The third in a series of profiles of players that might be of interest to the Boston Celtics during Thursday's NBA Draft:
While James Anderson is projected as a late first-round selection, experts including ESPN.com's Chad Ford have suggested he could be picked in the late teens because of his scoring abilities. Ford's latest mock has him at No. 17 with Chicago and there's a buzz that a team could trade up to grab him in that same range.
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From ESPN's Player Evaluation:
Projection: Mid to late first round
Positives: Scoring wing man... NBA body and long arms... Slasher who knows how to get to the line... Solid shooter with NBA 3-point range... Good rebounder for a guard
Negative: A bit one-dimensional as a scorer... Not an elite athlete... Needs to improve his ball handling... A so-so passer
Ford's analysis: Oklahoma State's James Anderson can clearly put the ball in the bucket, but they do it in different ways. Anderson isn't the quickest nor the most explosive athlete, but he uses his size, toughness and a knowledge of how to get to the basket and get separation to pour in the points. While he wasn't a showstopper in the drills portion, when they rolled out the ball for 3-on-3 play, he dominated. No one who guarded him could do much to stop him. He even displayed an underrated skill -- his ability to hit the open man when the defense collapses in the lane.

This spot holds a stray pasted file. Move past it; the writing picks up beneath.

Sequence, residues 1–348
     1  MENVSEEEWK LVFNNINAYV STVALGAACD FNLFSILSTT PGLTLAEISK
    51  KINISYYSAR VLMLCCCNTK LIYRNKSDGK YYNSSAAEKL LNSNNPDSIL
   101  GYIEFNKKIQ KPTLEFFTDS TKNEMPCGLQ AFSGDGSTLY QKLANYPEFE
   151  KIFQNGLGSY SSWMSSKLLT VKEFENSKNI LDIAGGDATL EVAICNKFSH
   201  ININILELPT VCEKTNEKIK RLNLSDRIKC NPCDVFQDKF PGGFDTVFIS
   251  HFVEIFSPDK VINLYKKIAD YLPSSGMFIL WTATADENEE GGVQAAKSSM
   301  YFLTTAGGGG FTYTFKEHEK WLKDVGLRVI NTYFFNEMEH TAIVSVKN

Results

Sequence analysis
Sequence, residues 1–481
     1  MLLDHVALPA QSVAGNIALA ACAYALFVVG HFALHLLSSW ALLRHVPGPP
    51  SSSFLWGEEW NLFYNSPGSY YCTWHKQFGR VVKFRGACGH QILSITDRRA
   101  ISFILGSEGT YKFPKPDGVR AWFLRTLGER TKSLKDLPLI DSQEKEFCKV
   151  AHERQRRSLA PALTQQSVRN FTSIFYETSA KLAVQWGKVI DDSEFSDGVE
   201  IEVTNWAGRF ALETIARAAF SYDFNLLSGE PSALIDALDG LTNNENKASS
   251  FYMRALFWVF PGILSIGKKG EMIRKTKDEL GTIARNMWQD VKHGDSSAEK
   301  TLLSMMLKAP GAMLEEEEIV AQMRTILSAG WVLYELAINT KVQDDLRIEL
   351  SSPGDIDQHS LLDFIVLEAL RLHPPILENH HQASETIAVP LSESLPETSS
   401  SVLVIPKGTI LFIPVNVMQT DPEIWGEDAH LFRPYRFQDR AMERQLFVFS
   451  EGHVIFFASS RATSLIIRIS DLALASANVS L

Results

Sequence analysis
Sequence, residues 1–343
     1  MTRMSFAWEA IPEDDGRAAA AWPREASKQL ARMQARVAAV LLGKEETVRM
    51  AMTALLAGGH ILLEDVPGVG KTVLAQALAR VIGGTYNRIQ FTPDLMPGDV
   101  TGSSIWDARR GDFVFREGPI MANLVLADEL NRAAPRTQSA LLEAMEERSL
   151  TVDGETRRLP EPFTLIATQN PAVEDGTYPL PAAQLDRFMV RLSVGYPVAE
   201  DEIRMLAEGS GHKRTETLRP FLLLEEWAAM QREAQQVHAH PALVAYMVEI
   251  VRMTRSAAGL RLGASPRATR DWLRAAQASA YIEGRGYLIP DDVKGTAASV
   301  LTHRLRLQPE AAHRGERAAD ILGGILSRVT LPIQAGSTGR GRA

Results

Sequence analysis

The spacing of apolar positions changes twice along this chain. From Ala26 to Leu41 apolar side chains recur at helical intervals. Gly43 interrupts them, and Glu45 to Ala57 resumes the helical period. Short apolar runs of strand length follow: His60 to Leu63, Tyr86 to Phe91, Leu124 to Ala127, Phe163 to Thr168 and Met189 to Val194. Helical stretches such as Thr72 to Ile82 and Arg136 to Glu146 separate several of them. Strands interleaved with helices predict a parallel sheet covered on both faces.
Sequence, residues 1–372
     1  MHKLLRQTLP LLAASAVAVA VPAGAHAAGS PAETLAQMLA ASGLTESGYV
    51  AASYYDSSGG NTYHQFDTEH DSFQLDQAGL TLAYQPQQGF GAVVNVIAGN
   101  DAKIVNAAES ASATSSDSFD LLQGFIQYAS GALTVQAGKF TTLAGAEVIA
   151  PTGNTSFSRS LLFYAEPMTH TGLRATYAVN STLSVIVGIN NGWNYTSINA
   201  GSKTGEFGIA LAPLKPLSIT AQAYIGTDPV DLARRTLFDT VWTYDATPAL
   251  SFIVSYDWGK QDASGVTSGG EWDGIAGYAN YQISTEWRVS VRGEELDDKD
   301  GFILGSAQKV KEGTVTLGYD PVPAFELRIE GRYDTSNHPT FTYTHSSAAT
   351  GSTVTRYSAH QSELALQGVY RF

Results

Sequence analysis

Forsberg's take: Google James Anderson and Wikipedia now -- two days before the NBA Draft -- and the first result is for a cricketer. We're guessing that might change in the months to come if Anderson is as talented as most project. If Anderson is still kicking around at No. 19, it might be hard for the Celtics to pass on him. He's got great size, which might allow him flexibility to play both the 2 and 3 in a reserve role. The knock of being one-dimensional might not be an issue for an offense-starved Celtics squad. An Oklahoma State product, he'd potentially join another Cowboy in Tony Allen if the Green re-sign him and the two would provide a nice offense/defense foil as swingmen off the bench.